New book, In Defense of Divorce, defends divorce from traditional religious ideas, extenuating the guilt and reserving emotional energy for solving practical issues going forward.
The book explores such questions as:
- Is divorce a sin or a solution?
- Has religion over influenced public opinion on marriage, divorce and remarriage?
- Did the Old Testament allow divorce?
- How did Jesus’ teachings influence our understanding of adultery, Matthew 5?
- Did Jesus oppose no-fault divorce, Matthew 19?
- Does God really hate divorce, Malachi 1?
- How did Paul judge divorce matters, 1 Corinthians 7?
- What makes a marriage good?
Ennis Pepper, the author, experienced divorce first as a teenager when his parents broke up and later through other family members and friends. As a minister he has witnessed the haranguing troubled couples experience when considering divorce and the rejection should they get one. And with a Bachelor’s degree in Biblical Studies and more than 25 years ministry experience he is able to address this topic confidently with both a biblical and practical perspective.
Most people think of divorce as something to shun, not defend, so Ennis’ book title raises questions at the start. And since the divorce rate is reaching all time highs there is no indication that the general population lacks the courage to initiate a divorce so why bother defending the issue?
Those getting divorced, however, are dealing with two kinds of pain:
- The pain of a failed marriage.
- And the pain of negative public opinion.
The first type of pain is understandable but the second is not. Failure in many areas of life is allowed for, even encouraged, but not when it comes to marriage.
If you fail in business, no worries, pick yourself up, learn from the mistake and apply the lessons going forward. Bankruptcy laws even soften the financial after effects.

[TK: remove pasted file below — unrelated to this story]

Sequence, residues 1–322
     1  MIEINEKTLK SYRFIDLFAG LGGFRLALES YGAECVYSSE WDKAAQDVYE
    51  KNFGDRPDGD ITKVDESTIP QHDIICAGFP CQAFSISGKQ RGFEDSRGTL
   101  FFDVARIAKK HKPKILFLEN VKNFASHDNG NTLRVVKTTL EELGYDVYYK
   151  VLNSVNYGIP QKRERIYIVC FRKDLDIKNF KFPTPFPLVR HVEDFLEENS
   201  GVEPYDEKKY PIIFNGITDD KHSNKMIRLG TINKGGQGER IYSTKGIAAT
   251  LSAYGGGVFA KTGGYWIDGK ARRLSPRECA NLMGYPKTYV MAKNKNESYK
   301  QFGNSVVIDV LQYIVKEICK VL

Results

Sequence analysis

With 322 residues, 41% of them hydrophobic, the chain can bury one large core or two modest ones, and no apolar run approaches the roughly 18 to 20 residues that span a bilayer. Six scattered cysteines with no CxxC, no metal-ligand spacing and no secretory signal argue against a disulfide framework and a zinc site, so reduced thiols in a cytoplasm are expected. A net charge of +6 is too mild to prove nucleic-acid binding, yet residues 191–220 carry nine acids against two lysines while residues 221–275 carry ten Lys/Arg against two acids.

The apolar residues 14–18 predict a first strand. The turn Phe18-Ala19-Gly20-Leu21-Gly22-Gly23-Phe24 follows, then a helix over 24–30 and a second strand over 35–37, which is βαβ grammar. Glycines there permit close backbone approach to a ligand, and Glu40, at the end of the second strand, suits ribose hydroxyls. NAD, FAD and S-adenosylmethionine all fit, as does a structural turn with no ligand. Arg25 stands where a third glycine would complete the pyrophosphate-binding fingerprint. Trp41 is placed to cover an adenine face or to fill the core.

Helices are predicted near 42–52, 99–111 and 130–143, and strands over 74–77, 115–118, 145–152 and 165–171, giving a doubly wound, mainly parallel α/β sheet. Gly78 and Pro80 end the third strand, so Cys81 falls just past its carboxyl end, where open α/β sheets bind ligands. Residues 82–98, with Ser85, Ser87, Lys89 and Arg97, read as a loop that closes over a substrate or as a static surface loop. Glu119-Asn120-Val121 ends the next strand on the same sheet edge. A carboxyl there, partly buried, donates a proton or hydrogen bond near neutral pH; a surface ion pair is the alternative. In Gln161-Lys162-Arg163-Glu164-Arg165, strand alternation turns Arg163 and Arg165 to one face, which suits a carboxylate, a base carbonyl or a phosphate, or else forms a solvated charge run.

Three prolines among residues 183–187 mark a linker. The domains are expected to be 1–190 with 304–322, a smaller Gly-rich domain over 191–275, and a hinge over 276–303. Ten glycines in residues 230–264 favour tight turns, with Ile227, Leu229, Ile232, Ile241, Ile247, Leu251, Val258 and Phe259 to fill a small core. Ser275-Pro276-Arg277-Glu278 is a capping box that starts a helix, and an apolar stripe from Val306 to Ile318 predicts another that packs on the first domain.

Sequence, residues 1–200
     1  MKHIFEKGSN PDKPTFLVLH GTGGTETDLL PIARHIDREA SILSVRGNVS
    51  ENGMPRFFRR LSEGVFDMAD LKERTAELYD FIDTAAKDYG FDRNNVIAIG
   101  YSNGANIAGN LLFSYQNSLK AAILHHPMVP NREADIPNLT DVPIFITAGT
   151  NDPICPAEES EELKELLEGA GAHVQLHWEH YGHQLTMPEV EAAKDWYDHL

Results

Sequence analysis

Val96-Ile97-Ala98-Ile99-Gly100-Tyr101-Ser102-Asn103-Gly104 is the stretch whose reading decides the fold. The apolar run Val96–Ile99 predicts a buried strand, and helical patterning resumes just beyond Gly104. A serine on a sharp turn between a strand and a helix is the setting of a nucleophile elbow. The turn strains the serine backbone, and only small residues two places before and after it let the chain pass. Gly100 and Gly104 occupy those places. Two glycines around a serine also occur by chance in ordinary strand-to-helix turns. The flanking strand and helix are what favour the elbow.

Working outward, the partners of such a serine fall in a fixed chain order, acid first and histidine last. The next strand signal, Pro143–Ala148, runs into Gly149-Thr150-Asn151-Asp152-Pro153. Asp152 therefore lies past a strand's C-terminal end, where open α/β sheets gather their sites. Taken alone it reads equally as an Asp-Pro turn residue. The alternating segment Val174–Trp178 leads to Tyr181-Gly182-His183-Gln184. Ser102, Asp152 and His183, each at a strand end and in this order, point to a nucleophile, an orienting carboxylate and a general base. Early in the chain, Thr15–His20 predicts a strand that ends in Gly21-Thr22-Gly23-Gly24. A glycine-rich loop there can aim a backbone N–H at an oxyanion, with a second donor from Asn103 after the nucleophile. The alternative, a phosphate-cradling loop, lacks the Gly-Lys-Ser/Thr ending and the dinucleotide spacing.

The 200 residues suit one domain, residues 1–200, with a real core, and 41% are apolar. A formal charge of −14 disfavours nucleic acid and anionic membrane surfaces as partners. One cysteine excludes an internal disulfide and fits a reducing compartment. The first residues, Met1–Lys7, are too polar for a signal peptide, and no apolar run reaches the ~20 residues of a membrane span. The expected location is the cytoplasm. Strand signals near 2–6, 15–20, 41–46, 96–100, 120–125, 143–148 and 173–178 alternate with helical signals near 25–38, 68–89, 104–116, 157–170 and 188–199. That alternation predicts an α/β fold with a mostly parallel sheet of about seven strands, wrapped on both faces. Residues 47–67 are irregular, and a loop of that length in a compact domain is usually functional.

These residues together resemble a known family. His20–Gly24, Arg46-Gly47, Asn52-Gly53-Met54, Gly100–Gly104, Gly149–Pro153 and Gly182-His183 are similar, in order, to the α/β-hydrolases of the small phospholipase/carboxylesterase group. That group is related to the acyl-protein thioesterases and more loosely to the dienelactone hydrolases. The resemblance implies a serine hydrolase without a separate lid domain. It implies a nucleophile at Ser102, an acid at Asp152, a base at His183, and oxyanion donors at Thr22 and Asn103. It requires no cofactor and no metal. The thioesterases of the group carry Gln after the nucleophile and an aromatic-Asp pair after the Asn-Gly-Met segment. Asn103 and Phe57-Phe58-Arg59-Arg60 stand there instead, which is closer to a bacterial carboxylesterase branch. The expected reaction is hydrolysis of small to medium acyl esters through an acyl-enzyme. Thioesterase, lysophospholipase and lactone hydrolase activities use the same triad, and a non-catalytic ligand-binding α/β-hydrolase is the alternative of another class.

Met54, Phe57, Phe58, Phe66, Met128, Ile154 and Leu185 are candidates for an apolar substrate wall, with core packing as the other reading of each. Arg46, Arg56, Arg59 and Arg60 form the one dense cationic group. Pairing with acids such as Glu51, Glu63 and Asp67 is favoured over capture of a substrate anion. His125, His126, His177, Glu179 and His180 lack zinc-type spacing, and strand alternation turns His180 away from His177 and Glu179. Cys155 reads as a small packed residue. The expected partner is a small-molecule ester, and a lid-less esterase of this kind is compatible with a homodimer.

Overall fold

If you fail in school you are still given a do-over to get it right the next year and applauded if you do well.
We know that people learn from their mistakes. They are wiser afterward so we encourage this recovery process except when it comes to marriage. Failure in marriage is not allowed and in some circles punished severely.
In Defense of Divorce gives reasons for that perspective to change. Rather than tattoo the divorced with a big red “D” and treat them like criminals we need to see them as human beings learning from a bad experience. If we are attentive rather than dismissive we can gain insight from their experience.
Though Ennis defends divorce he is not encouraging anyone to rush into one. That isn’t the point. And he doesn’t offer counsel for solving marriage problems nor discusses the legal issues. Many other books address those topics well.
He simply argues that divorce, though difficult, is not a sin so he challenges traditional ideas – encouraged mostly by religion – about marriage, divorce and remarriage. His view is marriage isn’t always an antidote and divorce isn’t always a poison.
He also doesn’t glamorize divorce, disparage marriage or encourage anyone to be casual about intimate relationships. He does, however, argue that marriage is the protective canopy for family and the foundation of human society only when it works reasonably well. When it fails badly, divorce is one part of the solution and shouldn’t be disdained, disallowed or penalized afterward.
The book points out that:
- Good marriages happen with or without the blessing of the church.
- “Never say die” vows are nice but unrealistic.
- Divorce can be abused but was intended to be a solution not a sin.
- Jesus is the Savior not marriage.
This book won’t tell you how to initiate a divorce or avoid one but it will help you live with one. It won’t help you manage all the practical and financial adjustments that follow but it will help you deal with the cultural blow-back.
In Defense of Divorce offers hope to those who have experienced failed marriages and a reason to rethink the issue to those arm-locked by tradition.